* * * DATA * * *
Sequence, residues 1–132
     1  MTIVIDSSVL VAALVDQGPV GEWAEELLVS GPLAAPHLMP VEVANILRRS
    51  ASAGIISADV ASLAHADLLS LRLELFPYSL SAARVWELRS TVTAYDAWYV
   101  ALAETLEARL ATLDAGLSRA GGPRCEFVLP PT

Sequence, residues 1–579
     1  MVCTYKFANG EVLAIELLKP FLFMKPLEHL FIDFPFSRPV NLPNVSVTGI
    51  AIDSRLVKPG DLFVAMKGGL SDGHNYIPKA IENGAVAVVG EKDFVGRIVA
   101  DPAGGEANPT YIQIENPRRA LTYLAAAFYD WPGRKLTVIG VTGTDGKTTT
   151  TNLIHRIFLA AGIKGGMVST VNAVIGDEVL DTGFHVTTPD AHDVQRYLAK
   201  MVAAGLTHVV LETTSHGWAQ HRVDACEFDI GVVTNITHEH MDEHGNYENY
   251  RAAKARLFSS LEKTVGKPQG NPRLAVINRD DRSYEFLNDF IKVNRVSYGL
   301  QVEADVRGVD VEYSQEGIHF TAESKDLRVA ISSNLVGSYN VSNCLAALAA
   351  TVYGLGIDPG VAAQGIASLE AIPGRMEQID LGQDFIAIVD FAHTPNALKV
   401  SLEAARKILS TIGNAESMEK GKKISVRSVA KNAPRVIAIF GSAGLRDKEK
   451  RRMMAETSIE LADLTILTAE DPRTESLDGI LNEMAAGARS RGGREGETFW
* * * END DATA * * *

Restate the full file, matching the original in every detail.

Sequence, residues 1–132
     1  MTIVIDSSVL VAALVDQGPV GEWAEELLVS GPLAAPHLMP VEVANILRRS
    51  ASAGIISADV ASLAHADLLS LRLELFPYSL SAARVWELRS TVTAYDAWYV
   101  ALAETLEARL ATLDAGLSRA GGPRCEFVLP PT

Sequence, residues 1–579
     1  MVCTYKFANG EVLAIELLKP FLFMKPLEHL FIDFPFSRPV NLPNVSVTGI
    51  AIDSRLVKPG DLFVAMKGGL SDGHNYIPKA IENGAVAVVG EKDFVGRIVA
   101  DPAGGEANPT YIQIENPRRA LTYLAAAFYD WPGRKLTVIG VTGTDGKTTT
   151  TNLIHRIFLA AGIKGGMVST VNAVIGDEVL DTGFHVTTPD AHDVQRYLAK
   201  MVAAGLTHVV LETTSHGWAQ HRVDACEFDI GVVTNITHEH MDEHGNYENY
   251  RAAKARLFSS LEKTVGKPQG NPRLAVINRD DRSYEFLNDF IKVNRVSYGL
   301  QVEADVRGVD VEYSQEGIHF TAESKDLRVA ISSNLVGSYN VSNCLAALAA
   351  TVYGLGIDPG VAAQGIASLE AIPGRMEQID LGQDFIAIVD FAHTPNALKV
   401  SLEAARKILS TIGNAESMEK GKKISVRSVA KNAPRVIAIF GSAGLRDKEK
   451  RRMMAETSIE LADLTILTAE DPRTESLDGI LNEMAAGARS RGGREGETFW